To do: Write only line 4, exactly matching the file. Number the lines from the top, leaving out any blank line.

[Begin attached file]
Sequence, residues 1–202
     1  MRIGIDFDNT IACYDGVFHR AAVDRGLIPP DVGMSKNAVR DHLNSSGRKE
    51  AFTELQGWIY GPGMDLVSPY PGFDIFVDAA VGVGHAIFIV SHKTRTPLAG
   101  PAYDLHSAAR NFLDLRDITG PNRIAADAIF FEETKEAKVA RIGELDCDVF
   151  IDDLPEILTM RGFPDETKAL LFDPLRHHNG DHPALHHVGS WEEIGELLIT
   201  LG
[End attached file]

   101  PAYDLHSAAR NFLDLRDITG PNRIAADAIF FEETKEAKVA RIGELDCDVF